White Dwarf Star With 'Planet' Gives Glimpse Into Our Solar System's Demise

white dwarf planet
Artist impression of a planetary fragment orbiting the star SDSS J122859.93+104032.9. University of Warwick/Mark Garlick

Scientists have identified a planet-like object orbiting a white dwarf star—a discovery that provides key information about what will happen when our own sun runs out of fuel and transitions into this type of celestial object.

Over recent decades, thousands of planets have been found orbiting stars beyond our solar system. Almost all of these are in systems with main-sequence stars—like our sun—that get their energy from nuclear reactions in their core. Eventually these stars run out of fuel. When this happens, they turn into red giants.

Our sun will start this process in around 5 billion years. When it happens, it will expand into the solar system, engulfing Mercury, Venus and probably Earth. Eventually, its core will collapse and it will become a white dwarf—an extremely dense, faint star about the size of a planet.

Any remaining planets orbiting a white dwarf move closer to the star and start colliding, smashing them up until they become a cloud of rocky debris.

In a study published in Science, Christopher Manser, of the U.K.'s University of Warwick, and colleagues, presented evidence of a small, intact planetary body orbiting the white dwarf SDSS J122859.93+104032.9.

"The gaseous planetary disc around this white dwarf was the first discovered, and is currently still the brightest disc known, making it great for observations," Manser told Newsweek. "The observations were taken as a pilot test to see if we could detect anything happening on the time it takes material to orbit the white dwarf (roughly hours)."

To their surprise, the team found a planetesimal—a solid object formed through colliding rocks that clump together. They say the object must be around 370 miles in diameter and extremely dense. If it is not, it would be torn apart by the gravitational forces from the white dwarf. They suggest the planetesimal could be the core of one of the solar system's planets—the outer layers having been stripped away.

"To survive so close to the white dwarf, the body either has to have a large density, or a high internal strength to avoid being ripped apart," Manser said. "Currently, we cannot distinguish between the two, only that it requires some minimal amount of internal strength and a density around that of iron—if the internal strength is greater, our density estimate can be reduced."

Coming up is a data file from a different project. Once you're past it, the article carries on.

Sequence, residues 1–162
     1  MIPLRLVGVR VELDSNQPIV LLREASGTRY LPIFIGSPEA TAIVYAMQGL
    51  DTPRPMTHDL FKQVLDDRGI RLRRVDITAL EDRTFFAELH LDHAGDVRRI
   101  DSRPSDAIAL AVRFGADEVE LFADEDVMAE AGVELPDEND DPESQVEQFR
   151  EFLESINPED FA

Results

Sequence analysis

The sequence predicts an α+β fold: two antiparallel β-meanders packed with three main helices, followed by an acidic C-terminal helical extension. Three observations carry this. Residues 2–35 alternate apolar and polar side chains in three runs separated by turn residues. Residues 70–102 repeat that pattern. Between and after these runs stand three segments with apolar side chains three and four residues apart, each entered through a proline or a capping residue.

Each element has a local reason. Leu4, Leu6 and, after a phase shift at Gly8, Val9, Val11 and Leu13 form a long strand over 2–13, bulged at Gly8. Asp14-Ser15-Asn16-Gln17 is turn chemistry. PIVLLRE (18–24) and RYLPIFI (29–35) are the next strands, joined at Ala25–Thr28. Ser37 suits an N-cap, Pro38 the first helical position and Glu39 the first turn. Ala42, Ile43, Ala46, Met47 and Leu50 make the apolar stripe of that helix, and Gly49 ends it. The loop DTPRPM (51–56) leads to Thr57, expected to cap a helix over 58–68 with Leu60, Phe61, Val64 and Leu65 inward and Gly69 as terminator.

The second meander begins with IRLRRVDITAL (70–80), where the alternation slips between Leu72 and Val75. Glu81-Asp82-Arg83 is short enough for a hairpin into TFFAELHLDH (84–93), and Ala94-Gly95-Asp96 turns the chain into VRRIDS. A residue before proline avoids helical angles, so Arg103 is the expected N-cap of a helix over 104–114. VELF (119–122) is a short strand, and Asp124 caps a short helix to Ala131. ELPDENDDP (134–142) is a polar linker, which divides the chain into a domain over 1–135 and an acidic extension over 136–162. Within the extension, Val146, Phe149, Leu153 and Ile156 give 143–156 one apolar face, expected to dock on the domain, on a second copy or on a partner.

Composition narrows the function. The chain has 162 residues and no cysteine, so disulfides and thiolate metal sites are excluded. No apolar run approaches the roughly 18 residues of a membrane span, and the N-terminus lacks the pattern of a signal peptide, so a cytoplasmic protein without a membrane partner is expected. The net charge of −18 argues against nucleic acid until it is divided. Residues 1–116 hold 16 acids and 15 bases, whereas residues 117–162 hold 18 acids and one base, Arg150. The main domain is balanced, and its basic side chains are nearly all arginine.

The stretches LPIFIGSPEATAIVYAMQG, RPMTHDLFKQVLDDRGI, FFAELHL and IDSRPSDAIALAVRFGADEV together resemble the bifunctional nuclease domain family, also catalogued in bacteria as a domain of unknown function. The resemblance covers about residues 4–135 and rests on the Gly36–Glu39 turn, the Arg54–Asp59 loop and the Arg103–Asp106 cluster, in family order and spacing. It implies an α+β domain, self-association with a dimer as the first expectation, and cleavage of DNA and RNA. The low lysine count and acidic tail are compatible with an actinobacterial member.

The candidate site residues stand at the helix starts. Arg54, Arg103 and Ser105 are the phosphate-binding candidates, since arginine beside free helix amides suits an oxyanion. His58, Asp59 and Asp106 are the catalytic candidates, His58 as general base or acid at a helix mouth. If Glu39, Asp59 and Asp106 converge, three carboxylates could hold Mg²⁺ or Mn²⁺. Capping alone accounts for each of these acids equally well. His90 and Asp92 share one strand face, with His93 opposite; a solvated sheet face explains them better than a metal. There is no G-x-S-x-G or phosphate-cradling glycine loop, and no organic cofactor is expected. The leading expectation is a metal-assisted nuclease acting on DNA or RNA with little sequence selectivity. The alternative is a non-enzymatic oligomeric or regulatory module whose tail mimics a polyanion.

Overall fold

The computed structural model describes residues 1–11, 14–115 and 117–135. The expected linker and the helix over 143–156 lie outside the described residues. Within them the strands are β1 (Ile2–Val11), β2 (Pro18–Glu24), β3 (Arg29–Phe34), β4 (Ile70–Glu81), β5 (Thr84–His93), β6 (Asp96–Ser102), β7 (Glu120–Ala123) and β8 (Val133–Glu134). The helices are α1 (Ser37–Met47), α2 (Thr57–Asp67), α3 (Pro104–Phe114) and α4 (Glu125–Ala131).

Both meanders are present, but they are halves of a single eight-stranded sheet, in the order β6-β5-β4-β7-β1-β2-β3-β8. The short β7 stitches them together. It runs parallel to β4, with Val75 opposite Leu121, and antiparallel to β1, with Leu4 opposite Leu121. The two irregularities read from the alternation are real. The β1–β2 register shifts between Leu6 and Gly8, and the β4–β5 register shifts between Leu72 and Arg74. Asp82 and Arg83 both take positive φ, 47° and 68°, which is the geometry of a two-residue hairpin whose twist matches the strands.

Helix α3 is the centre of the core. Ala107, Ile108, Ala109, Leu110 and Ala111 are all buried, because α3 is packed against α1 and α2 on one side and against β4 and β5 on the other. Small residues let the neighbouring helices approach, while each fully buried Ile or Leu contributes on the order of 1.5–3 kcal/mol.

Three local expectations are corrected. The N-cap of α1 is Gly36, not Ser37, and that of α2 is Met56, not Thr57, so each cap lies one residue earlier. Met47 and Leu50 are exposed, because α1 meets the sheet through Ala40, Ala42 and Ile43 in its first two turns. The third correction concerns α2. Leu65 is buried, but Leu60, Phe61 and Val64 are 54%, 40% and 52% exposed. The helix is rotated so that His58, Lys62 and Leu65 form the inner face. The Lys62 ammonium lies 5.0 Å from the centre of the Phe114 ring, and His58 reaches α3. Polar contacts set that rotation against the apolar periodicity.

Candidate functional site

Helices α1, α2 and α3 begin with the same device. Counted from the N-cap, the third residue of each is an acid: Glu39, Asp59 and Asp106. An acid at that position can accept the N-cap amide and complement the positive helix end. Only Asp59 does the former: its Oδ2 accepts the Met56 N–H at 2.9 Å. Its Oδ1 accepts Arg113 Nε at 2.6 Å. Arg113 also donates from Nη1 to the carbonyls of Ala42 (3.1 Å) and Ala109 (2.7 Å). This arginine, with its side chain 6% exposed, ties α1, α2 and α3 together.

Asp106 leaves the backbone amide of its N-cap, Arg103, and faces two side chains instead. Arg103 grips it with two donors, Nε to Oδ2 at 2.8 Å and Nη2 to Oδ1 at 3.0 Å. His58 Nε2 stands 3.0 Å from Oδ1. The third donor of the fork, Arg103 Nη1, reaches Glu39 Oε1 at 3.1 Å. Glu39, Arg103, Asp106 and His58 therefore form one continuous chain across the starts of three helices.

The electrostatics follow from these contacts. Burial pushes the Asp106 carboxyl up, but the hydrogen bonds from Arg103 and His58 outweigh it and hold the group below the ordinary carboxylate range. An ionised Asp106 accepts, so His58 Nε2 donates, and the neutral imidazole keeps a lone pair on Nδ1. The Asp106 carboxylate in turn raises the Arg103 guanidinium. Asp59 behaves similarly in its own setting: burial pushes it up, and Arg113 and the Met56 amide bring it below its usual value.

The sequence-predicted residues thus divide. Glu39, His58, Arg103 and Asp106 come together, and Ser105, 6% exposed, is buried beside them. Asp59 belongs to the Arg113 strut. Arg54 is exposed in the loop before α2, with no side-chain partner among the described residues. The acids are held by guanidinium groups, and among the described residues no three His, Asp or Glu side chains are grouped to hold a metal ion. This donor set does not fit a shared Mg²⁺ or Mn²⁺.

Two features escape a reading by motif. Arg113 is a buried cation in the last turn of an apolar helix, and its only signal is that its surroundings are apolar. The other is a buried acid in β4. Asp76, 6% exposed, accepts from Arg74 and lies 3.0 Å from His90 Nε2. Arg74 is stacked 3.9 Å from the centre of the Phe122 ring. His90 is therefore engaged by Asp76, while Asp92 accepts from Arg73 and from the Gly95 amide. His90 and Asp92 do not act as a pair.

The discovery allows scientists to have a glimpse into the future of our own solar system. While the inner three planets will be destroyed, the remainder will survive. "By studying systems like SDSSJ122859.93+104032.9, we can learn more about the future of the solar system, and the majority of all known exoplanetary systems, which orbit stars that will themselves eventually become white dwarfs," Manser said, adding that they now plan to hunt down more planetesimals orbiting white dwarfs.

Jay Farihi, a professor in University College London's physics and astronomy department, who was not involved in the study, said the planetesimal was similar to a "ring moon"—an object orbiting in the disc of rock and dust surrounding the star, a bit like how objects persist in Saturn's rings.

"This likely means the disks or rings around white dwarfs are highly dynamical and changing environments that will continue to do interesting things and elucidate more exoplanetary science," he said. "Continued monitoring of these real-time events should give insight into the total masses of the rings, the planetary parent bodies that were disrupted or otherwise destroyed to create the dust and gas, and most of all how they compare to Earth and the terrestrial planets."